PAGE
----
Tutorial: OAuth2

Android OAuth2

Webcom SDK for Android makes it very simple to authenticate users with a third-party OAuth2-compliant identity provider, such as Google, Facebook (for public applications) or Orange Connect (for corporate applications). In addition, the provided implementation follows up-to-date security recommendations for mobile native apps, which you consequently haven't to care about explicitly:

  • The interaction with the end user relies on the default browser of the device through Custom Tabs: it provides a convenient way to share the user's sessions stored on her·his browser, while staying completely hermetic wrt. your Android app,
  • The call-flow between the Android device and the Webcom back end is based on Proof Key for Code Exchange: it prevents CSRF and authorization code injection attacks
  • The OAuth2 call-flow orchestrated by the Webcom back end uses the Authorization Code grant: it avoids storing any credentials or secret on the Android device.

Configure your OAuth2 provider

The first step consists in provisioning your OAuth2 provider settings (essentially “client-id” and “client-secret”) within the Webcom developer console (see the “OAuth2.0 login” chapter for complete details).

You will also have to register the application id of your Android app within the authorized domains cartridge.

Invoke the OAuth2 API

The single entry point of the Webcom SDK for Android is the OAuth2Method.authenticate. The OAuth2Method instance can be retrieved by passing the required OAuth2 third-party provider to the AuthenticationService.getOAuth2Method method:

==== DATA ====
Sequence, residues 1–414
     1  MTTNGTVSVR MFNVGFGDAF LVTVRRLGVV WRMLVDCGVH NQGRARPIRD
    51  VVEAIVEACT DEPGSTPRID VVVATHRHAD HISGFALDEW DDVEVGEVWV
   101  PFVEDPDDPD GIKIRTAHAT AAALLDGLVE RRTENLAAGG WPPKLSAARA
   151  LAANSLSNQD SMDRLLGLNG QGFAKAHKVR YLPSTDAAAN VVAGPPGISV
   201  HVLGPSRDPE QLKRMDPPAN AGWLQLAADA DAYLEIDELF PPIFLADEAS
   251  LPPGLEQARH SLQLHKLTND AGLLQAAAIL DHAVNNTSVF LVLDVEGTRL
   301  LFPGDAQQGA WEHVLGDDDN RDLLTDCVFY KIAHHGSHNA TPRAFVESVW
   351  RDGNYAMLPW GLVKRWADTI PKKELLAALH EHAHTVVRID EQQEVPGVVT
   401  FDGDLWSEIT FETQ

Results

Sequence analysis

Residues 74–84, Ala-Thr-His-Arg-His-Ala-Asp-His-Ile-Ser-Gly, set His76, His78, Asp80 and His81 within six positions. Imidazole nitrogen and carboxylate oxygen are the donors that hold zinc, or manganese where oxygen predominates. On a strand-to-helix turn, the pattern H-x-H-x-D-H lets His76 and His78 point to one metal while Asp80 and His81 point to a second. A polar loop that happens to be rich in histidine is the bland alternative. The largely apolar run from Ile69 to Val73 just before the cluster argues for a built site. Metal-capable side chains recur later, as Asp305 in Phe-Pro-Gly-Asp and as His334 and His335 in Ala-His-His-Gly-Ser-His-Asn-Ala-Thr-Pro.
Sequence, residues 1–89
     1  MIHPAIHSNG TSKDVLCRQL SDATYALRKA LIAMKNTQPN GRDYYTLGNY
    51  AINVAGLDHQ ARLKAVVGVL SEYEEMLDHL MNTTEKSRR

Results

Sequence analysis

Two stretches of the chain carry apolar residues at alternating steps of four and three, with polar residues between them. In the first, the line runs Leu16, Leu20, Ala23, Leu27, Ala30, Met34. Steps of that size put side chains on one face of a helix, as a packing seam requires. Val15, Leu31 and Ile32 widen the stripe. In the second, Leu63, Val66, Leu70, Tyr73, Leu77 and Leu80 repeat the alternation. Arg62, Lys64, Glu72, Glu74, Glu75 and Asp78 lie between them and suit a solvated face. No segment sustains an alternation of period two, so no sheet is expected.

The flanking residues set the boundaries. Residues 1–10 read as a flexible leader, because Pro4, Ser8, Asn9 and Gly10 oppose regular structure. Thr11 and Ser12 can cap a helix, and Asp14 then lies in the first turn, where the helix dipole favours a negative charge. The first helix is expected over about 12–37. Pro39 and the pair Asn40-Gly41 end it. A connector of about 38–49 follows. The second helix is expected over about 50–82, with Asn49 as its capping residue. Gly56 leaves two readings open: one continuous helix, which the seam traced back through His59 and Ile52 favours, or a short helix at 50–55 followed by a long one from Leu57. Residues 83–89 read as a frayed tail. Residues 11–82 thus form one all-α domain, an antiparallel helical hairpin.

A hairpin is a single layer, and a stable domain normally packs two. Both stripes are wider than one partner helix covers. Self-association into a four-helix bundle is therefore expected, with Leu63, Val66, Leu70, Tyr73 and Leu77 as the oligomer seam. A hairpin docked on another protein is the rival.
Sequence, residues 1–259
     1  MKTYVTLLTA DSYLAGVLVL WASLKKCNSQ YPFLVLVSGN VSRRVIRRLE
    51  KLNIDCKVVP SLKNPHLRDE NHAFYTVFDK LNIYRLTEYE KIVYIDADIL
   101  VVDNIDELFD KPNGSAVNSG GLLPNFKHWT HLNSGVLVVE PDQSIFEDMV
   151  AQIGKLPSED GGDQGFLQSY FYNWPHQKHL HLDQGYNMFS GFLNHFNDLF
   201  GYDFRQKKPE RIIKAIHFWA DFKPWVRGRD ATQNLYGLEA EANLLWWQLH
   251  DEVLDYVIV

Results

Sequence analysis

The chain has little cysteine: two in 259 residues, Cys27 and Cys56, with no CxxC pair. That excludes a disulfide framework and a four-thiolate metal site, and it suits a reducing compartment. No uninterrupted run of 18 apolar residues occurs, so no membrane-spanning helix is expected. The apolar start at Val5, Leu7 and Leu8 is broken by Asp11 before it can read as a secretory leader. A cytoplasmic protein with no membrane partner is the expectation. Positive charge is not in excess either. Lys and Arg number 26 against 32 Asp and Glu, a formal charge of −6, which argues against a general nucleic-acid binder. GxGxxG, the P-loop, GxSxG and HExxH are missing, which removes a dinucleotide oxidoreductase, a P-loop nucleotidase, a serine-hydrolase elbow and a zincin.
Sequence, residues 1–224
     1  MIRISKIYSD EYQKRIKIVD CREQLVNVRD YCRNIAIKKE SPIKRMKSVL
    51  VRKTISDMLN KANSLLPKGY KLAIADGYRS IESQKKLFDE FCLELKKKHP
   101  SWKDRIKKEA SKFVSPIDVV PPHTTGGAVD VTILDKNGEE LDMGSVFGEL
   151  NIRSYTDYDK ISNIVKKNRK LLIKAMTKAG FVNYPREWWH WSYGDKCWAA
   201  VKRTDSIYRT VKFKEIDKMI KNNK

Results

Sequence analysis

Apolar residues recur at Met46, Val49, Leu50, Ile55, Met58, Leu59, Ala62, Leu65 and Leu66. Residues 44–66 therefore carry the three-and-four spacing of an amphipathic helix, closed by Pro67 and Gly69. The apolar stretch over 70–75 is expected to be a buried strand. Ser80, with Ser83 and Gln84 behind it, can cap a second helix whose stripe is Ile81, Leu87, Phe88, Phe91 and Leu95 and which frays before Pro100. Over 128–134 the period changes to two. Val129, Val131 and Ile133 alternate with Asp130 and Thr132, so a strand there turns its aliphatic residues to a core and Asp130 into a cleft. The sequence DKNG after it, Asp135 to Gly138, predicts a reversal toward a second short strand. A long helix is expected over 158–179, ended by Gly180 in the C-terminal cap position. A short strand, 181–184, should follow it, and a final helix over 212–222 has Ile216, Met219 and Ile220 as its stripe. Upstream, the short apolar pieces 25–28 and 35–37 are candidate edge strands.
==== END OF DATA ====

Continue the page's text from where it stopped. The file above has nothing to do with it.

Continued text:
val myApp = WebcomApplication.default
val authenticator = myApp.authenticationService
// assume 'this' refers to the Android Activity from which the authentication screen is launched
authenticator.getOAuth2Method(Provider.Google, this).authenticate { // it: WebcomResult<AuthenticationDetails>
    if (it is WebcomResult.Success) {
        runOnUiThread { // we are not on the main thread and cannot update UI directly from the callback function
            binding.userNameTextView.text = it.result.displayName // optional, but provided by most OAuth2 providers
            binding.userUidTextView.text = it.result.uid // stable unique identifier for the user generated by Webcom

Keep in mind that the callback function passed to the authenticate method will be run asynchronously on a dedicated thread! Hence, UI widgets must be invoked through runOnUiThread from within the callback function.

Customize the look & feel

The getOAuth2Method() method accepts an options parameter that makes it possible to customize the actual Custom Tab used to make the user interact with the authorize-endpoint of the targeted OAuth2 provider. Actually, you can set up a callback function, which is called with the CustomTabsIntent.Builder that opens the authorize page. For example:

val myApp = WebcomApplication.default
val authenticator = myApp.authenticationService
val options = OAuth2Method.Options().withCustomTabsBuilder { // it: CustomTabsIntent.Builder
  val defaultColorBuilder = CustomTabColorSchemeParams.Builder()
authenticator.getOAuth2Method(Provider.Google, this, options).authenticate { // it: WebcomResult<AuthenticationDetails>
    // ...

Referring to a CustomTabsIntent.Builder instance normally requires to import the androidx.browser:browser dependency within the module. As the com.orange.webcom:sdk-android library already imports it, it is not necessary to add it explicitly to your build.gradle file.

The complete Webcom authentication features are described in the “Serverless Authentication” chapter.